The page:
In Brief

Sweden’s negative interest rate experiment ends

World’s oldest central bank ends hikes key rate back to zero amid growing concerns harmful side effects outweigh benefits

The world’s oldest central bank has ended its five-year experiment with negative interest rates amid growing concern its harmful side effects could outweigh the potential benefits.

Sweden’s Riksbank “has been under heavy scrutiny for its monetary policy ever since the 2008 global financial crisis”, says the Financial Times. It raised rates in 2010 and 2011 leading to accusations of “sadomonetarism” from Nobel laureate Paul Krugman, before consistently cutting rates down to a record low of -0.5% in 2016.

On Thursday it became the first of the central banks that pushed rates below zero in response to the post-financial crisis global slowdown to inch its way back to what was long considered the floor for interest rates.

CNN says this marks the next step in an “unprecedented experiment” by central bankers. To boost a sluggish global economic recovery, between 2014 and 2016 central banks in Europe and Japan pushed interest rates to their lowest points in history.

Riksbank Governor Stefan Ingves said negative rates had worked well, boosting inflation and the economy “but fears about the adverse impact of these policies have been building” says CNN.

“It’s been painful for banks, which have to pay to park their money with central banks instead of collecting interest. Savers have also been penalised, and it's added to pressure on pension funds,” it adds.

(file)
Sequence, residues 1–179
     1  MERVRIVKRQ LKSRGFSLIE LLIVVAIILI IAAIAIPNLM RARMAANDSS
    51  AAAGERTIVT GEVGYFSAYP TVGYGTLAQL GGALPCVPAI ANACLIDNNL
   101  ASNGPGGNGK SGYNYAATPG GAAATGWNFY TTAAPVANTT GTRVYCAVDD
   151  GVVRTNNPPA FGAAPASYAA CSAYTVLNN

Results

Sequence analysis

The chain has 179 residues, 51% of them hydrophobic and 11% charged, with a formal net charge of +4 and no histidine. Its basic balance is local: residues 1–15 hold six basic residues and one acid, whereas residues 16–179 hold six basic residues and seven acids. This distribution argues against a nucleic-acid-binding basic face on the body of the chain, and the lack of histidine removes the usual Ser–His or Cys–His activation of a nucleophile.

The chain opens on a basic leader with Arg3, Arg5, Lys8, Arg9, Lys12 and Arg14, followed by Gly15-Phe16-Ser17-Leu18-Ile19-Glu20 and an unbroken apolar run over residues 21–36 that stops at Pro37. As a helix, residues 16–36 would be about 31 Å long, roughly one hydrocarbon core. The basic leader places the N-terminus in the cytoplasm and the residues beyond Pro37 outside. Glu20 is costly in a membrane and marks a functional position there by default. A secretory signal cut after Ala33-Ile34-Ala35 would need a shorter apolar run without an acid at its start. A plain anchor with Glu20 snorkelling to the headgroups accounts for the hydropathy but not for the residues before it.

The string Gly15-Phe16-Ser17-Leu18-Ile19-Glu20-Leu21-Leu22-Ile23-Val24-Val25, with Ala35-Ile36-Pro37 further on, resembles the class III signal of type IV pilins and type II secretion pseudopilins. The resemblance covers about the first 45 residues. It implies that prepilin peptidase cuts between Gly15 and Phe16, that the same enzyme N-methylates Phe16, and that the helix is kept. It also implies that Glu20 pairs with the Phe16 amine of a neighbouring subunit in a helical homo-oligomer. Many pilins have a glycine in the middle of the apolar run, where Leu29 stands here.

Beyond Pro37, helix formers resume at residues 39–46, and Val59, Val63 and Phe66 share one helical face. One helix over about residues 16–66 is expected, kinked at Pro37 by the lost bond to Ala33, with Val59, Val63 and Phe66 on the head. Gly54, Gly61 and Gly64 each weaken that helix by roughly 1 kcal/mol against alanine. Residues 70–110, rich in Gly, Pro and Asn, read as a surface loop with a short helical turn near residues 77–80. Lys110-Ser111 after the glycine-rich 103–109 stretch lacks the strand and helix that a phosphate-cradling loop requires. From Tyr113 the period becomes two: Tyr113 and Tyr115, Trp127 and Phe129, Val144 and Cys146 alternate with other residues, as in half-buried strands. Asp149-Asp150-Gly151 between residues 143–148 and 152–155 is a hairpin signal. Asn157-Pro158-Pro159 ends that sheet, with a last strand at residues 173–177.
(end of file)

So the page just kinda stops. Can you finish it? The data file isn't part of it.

Reuters reports that negative rates have boosted real estate prices, households and corporations have taken on more and more debt, “threatening a financial meltdown if there is an unexpected shock”.

Cheap loans have also kept alive “zombie” firms, which otherwise would have gone to the wall, reducing overall productivity in the economy, while “some critics doubt negative rates should be used at all, arguing they have failed to push up inflation in the euro zone or Japan sustainably and that they create more problems than they solve”, says Reuters.

However, Bloomberg says “misguided anxiety about subzero rates has led to unnecessary tightening” and that other banks should “take heed” from the lessons of Sweden’s recent rate hike.

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